Hello. Before I post this, please don’t say contact your vocation director and find out. I just wanna know the GENERAL time one would apply/contact seminary for diocese if you are planning on entering right out of high school. Thanks.
I think one of the reasons someone says “contact the vocation director” is because it’s a very long process. It also helps if you already have a rapport with the vocation director. If you’re in high school, I’d recommend talking to him around sophomore or junior year. You’d need to complete a background check, a clinical psychiatric exam, a medical exam, an application for the diocese, an application for the seminary, a fingerprint card, compile a full sacramental record, find several letters of recommendation, and possibly write a few letters explaining why.
Since this is expansive, it usually is done over the course of a year. Since, however, you would also be applying to a college seminary, it would be wise to try to do it around 2 years prior to your anticipated acceptance (beginning of Junior year).
That having been said, every Diocese has a unique way of doing it, so the vocation director would be the one to ask exactly what you need.
as long as you don’t wait till may to start the process you should be in good shape. I would suggest starting now if you are a senior in High School. Treat it like you would treat an application to any secular college. While from my experience you can start a seminary application much later than other colleges don’t wait to long. But if you feel like you may enter in the fall go ahead and start the process now. I can take a couple of months to finish the process.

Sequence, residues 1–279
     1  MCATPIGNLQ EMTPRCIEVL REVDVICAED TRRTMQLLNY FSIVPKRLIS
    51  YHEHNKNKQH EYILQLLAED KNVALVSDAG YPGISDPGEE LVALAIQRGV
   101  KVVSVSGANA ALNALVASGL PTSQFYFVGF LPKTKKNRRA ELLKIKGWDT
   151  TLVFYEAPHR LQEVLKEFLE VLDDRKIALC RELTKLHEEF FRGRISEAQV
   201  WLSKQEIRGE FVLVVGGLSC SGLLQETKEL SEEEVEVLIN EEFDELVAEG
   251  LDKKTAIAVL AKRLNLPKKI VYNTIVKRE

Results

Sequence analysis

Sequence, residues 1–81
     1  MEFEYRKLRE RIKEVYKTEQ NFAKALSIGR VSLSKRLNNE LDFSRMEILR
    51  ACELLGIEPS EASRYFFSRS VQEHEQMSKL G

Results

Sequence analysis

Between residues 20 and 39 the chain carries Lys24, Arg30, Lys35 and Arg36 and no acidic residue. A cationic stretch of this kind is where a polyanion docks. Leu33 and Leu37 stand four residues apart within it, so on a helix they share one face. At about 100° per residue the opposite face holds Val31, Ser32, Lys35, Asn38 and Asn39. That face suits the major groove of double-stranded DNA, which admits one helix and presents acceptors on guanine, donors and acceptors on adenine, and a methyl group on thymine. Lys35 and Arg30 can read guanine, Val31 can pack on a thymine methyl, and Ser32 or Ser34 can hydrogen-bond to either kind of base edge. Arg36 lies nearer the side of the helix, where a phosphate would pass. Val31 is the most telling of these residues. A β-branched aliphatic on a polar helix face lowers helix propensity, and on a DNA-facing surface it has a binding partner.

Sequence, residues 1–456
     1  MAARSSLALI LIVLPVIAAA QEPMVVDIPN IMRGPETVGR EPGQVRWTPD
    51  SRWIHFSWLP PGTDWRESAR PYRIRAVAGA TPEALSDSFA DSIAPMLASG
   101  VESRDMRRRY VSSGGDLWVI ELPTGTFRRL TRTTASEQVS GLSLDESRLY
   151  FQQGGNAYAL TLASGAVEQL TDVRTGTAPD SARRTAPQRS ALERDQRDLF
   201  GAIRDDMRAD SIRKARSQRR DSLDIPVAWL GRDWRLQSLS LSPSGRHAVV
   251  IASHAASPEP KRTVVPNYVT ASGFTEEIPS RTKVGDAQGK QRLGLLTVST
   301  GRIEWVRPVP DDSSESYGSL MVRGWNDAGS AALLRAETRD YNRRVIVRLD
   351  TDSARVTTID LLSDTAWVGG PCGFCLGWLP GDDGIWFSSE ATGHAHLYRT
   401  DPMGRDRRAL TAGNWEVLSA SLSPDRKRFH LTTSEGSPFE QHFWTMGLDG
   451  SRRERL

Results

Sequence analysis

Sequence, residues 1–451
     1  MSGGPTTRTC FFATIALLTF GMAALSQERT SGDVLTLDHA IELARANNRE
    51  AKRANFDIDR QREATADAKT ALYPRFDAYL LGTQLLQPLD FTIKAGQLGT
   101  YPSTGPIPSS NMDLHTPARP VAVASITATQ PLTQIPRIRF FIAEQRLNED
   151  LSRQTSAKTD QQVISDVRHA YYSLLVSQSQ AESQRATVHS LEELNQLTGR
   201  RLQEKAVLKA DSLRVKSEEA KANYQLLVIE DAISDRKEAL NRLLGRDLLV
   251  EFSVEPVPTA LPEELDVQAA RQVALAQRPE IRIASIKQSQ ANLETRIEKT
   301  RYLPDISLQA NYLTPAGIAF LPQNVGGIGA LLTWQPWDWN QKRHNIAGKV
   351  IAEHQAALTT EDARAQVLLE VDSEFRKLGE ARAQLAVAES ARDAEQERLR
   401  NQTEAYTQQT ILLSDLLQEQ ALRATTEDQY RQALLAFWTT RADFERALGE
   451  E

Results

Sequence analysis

one last thing don’t feel like applying to seminary is you signing the dotted line for going to seminary. If you have a chance of heart and decide not to enter just tell the vocations director and he will understand.
if you are not a Senior still talk to the vocations director and keep in close contact with him because he can help you further discern your call before entering seminary.
If you are considering attending a seminary out of high school your process would be to request application materials and review the dates they supply. Most high school students who plan to go on to college, whether it is a traditional university or seminary, begin the process by at least spring of their junior year. Some people want their application to be received for early acceptance and those deadlines are different from the regular application. Since you did not specify if your interest is to pursue a vocation as a priest or simply to pursue a college education provided by a seminary environment it is hard to clearly answer your question. Obviously the pathway to a vocation has some very specific benchmarks that the normal applicant to the seminary does not have to meet. I am a 62 year old grandmother who is considering attending the seminary near our home, you and I would have the same application requirements if we were both planning to study a degree in Theology or Bibilical Studies. You can always go to the web-sites of the seminary you are interested in and simply review their published material for most general answers.
It’s going to depend on the diocese, I am sorry to say (I know that’s not what you wanted to hear). Many have programs for high school students. Note this is not an application but these programs are an initial step in discernment.